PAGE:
Biden bans federal agencies from supplying police with military-grade equipment
Kaylee Greenlee, DCNF
President Joe Biden issued executive actions on racial equity which includes barring local police departments from obtaining military-grade equipment on Tuesday, CNN Politics reported.
The Obama administration initially implemented the policy in 2015 after the police response to unrest surrounding the death of Michael Brown in Ferguson, Missouri, was criticized as “militarized,” CNN reported. Former President Donald Trump lifted the ban on local law enforcement receiving armored vehicles, grenade launchers and high-caliber weapons in 2017, CNN reported.
Biden previously said the militarization of police “is like the military invading… they become the enemy,” during a July 8, 2020 interview with NowThis. “Surplus military equipment for law enforcement? They don’t need that.”
“The last thing you need is an up-armored Humvee coming into a neighborhood, it is like the military invading, they don’t know anybody, they become the enemy. They’re supposed to be protecting these people,” Biden said in the interview.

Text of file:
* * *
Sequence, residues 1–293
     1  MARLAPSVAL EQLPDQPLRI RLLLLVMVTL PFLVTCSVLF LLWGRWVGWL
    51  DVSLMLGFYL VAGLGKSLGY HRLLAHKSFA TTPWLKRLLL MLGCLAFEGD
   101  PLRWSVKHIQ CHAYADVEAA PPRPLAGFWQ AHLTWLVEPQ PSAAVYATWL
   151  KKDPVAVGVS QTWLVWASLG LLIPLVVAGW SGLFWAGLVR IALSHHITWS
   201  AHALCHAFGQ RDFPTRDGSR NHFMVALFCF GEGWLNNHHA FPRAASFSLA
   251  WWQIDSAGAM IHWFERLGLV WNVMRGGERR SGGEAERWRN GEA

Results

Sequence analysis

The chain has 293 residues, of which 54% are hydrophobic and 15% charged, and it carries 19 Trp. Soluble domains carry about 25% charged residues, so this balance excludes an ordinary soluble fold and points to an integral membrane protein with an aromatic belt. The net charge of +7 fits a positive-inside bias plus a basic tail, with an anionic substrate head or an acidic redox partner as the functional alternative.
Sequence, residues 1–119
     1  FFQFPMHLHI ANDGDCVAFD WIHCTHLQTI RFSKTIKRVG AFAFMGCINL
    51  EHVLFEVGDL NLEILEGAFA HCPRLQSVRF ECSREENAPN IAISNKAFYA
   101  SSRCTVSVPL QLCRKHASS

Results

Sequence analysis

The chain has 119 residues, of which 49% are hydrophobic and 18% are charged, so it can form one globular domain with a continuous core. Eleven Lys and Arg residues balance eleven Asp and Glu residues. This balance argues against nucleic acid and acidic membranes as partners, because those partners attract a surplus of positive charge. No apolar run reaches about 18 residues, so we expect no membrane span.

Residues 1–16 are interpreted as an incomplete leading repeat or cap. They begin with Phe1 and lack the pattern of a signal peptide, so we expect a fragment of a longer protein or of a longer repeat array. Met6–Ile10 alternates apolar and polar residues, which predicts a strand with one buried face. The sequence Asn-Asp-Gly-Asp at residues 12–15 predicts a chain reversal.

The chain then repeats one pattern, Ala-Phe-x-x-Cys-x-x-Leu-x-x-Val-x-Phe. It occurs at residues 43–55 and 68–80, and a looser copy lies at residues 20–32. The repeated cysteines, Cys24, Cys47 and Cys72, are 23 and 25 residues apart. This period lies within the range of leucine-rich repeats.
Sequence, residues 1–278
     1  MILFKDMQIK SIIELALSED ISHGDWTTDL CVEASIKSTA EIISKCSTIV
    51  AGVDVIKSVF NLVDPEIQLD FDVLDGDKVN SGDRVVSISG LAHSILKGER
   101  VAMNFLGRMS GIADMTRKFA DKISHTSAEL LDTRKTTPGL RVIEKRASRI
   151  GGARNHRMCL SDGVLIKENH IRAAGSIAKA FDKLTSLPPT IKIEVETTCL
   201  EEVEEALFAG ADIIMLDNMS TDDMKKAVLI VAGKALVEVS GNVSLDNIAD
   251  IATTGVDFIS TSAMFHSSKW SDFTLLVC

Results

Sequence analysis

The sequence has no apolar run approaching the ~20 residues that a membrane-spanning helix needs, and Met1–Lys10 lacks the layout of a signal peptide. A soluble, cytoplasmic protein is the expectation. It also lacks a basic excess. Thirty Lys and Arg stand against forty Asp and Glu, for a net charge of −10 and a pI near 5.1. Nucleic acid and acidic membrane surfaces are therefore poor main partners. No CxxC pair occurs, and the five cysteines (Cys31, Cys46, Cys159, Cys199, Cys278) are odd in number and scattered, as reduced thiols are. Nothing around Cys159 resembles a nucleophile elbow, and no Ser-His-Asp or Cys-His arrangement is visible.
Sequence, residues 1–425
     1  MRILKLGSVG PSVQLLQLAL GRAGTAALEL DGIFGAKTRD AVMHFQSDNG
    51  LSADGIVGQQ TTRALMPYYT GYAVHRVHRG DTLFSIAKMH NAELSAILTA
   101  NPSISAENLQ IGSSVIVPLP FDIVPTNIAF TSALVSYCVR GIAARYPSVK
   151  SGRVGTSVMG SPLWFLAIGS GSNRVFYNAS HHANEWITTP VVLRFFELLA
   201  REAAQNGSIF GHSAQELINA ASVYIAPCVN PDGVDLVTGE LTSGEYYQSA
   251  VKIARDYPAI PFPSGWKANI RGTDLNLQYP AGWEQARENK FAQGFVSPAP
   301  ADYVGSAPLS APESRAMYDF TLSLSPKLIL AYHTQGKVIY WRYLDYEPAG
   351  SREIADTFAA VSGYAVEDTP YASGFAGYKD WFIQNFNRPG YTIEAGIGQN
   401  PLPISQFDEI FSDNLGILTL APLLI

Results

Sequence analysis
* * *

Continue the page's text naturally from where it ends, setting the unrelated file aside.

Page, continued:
The weapons are transferred through two federal programs, one of which permits the Department of Defense (DOD) to give excess military equipment to local law enforcement agencies who only have to pay to ship and maintain the weapons, CNBC reported. Over 11,500 local agencies have participated in the 1033 program, receiving over $7.4 billion worth of military equipment from the DOD.
“We’ve seen instances reported of some small towns, even some college and university police departments that were acquiring military-grade weapons without any demonstrable need for the use of these or the acquisition of these weapons,” Brooklyn College Policing and Social Justice Project Coordinator Alex Vitale said, CNBC reported.
Police responded to nationwide protests and riots following the in-custody death of George Floyd in Minneapolis, Minnesota, with military equipment such as flash-bang grenades, tear gas and less-lethal munitions like rubber bullets and pepper balls, CNBC reported.
In some instances, the weapons have disappeared due to inadequate oversight and records keeping, according to CNBC. The 1122 program, which allows police departments to buy military equipment at the discounted rate the DOD receives, is not monitored by the federal government.
“There have been a number of situations where there have been audits of local police departments to try to figure out what they’ve done with this equipment,” Vitale said, CNBC reported. “And these departments have been unable to provide adequate records.”